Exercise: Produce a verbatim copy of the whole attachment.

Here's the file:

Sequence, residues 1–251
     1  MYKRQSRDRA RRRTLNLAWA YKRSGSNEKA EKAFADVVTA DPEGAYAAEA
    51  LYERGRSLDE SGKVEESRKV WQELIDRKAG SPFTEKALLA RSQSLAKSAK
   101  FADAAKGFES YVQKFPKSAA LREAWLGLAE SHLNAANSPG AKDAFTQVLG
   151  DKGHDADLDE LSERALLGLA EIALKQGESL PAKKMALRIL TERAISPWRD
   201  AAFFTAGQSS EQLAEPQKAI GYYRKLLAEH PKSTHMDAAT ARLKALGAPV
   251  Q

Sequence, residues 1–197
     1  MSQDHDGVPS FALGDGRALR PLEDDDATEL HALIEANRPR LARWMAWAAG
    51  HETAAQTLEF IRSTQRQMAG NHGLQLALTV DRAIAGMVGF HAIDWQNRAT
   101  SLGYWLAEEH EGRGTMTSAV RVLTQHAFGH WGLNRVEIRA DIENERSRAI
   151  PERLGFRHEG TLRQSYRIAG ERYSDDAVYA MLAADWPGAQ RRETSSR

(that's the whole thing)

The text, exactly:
Sequence, residues 1–251
     1  MYKRQSRDRA RRRTLNLAWA YKRSGSNEKA EKAFADVVTA DPEGAYAAEA
    51  LYERGRSLDE SGKVEESRKV WQELIDRKAG SPFTEKALLA RSQSLAKSAK
   101  FADAAKGFES YVQKFPKSAA LREAWLGLAE SHLNAANSPG AKDAFTQVLG
   151  DKGHDADLDE LSERALLGLA EIALKQGESL PAKKMALRIL TERAISPWRD
   201  AAFFTAGQSS EQLAEPQKAI GYYRKLLAEH PKSTHMDAAT ARLKALGAPV
   251  Q

Sequence, residues 1–197
     1  MSQDHDGVPS FALGDGRALR PLEDDDATEL HALIEANRPR LARWMAWAAG
    51  HETAAQTLEF IRSTQRQMAG NHGLQLALTV DRAIAGMVGF HAIDWQNRAT
   101  SLGYWLAEEH EGRGTMTSAV RVLTQHAFGH WGLNRVEIRA DIENERSRAI
   151  PERLGFRHEG TLRQSYRIAG ERYSDDAVYA MLAADWPGAQ RRETSSR